Are you looking to add mindfulness or social and emotional learning (SEL) activities to your teaching?
My two latest publications discuss mindfulness and social and emotional learning in the English classroom. Both articles share tech-free lessons that can be adapted across grade levels and content areas.
“Mindful ELA: Lessons from a Grassroots Wellness Initiative” (see below) tells the story of a teacher-led movement to increase wellness in a high school, and then zooms in on several mindfulness lessons from two English teachers’ classrooms. [ . . . ]
When I spotted the following preview of a discussion thread on NCTE Connects, I had to read more:
Vermont educator Donald Tinney was looking for short companion texts to teach in conversation with The Great Gatsby. I had just finished reading Fitzgerald’s novel with my 10th grade students, and was curious to learn how other educators help students relate its themes to present day.
In the discussion that followed, several educators shared texts and tips (including P.L. Thomas’ post, “The ‘Vast Carelessness’ of White America”). [ . . . ]
At the beginning of the school year, I asked my students to obtain or recover their public library cards. Since my students commute from several towns, this involved three local libraries. I hoped the assignment would encourage students to take advantage of the many resources available through the library.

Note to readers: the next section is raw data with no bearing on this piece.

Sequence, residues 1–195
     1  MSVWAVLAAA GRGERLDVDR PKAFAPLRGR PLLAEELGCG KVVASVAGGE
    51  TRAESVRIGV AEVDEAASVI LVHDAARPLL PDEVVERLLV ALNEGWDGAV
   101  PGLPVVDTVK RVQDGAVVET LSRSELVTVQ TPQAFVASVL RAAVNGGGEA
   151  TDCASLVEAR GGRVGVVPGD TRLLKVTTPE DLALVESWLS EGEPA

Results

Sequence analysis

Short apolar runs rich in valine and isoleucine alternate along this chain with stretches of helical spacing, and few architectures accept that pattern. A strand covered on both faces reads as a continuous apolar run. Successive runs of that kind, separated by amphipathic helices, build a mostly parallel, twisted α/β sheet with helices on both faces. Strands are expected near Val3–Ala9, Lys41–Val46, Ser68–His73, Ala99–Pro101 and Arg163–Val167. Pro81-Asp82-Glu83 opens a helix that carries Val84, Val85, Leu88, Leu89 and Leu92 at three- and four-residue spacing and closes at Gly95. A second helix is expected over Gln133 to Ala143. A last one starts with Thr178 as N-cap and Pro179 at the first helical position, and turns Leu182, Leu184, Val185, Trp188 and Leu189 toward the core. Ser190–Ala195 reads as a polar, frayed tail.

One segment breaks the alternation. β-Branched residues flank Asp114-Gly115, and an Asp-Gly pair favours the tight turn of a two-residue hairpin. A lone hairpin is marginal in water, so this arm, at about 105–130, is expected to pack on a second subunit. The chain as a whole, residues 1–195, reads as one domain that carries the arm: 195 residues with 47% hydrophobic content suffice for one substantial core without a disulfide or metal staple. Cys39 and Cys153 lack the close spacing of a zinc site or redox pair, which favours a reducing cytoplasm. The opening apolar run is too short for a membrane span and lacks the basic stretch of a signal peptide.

I asked students to upload a photo of themselves with their library cards, and offered additional points for photos that conveyed “a love of reading.” Here are some examples (shared with permission). [ . . . ]
Happy National Day on Writing!
Drawings were created on Surface tablets (using OneNote and Sketchpad), and the final composition was created with Padlet.
I’ve been tinkering with digital badges for a few years, but this spring marked my first effort to test them in the classroom. I’m still in an exploratory stage, but I wanted to share some initial reflections.
What are Digital Badges?
In a nutshell, badges are digital ways of recognizing accomplishments or skills. Open badges are tied to evidence of learning and designed to be shared, so recipients can showcase their skills across digital platforms (e.g., Twitter, Facebook, LinkedIn).
When we think about what reading looks like, we might picture someone curled up with a good book in a comfy chair with a hot beverage nearby. We might picture someone perusing the news over breakfast, or reading an e-book during the morning commute.
If you ask someone outside of the education field what teens’ reading looks like, however, they might not picture anything. For example, when I mention to someone that I’m researching teens’ reading, many lament, “kids these days don’t read anymore!” [ . . . ]
In honor of National Poetry Month, here’s a poetry lesson that can inspire writers of all ages.
On Valentine’s Day, a day when emotions are heightened in high school, for better or worse, I trotted out an assignment that would invite students to have fun writing poetry. These were ninth graders—generally willing to play along when I call something fun even if they don’t think it is—but I did my best to present them with options they’d find inherently appealing. They even laughed politely when I joked that if they wanted, they could write their poem on colored paper and cut it out in a heart shape. [ . . . ]